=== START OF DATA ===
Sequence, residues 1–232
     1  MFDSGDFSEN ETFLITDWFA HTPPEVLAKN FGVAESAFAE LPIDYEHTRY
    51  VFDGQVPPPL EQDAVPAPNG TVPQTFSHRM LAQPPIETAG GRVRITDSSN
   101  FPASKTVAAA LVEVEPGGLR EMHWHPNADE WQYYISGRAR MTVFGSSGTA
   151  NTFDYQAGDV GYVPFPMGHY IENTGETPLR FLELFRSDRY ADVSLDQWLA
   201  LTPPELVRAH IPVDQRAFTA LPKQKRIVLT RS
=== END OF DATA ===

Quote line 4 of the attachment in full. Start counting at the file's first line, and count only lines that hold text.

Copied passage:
   101  FPASKTVAAA LVEVEPGGLR EMHWHPNADE WQYYISGRAR MTVFGSSGTA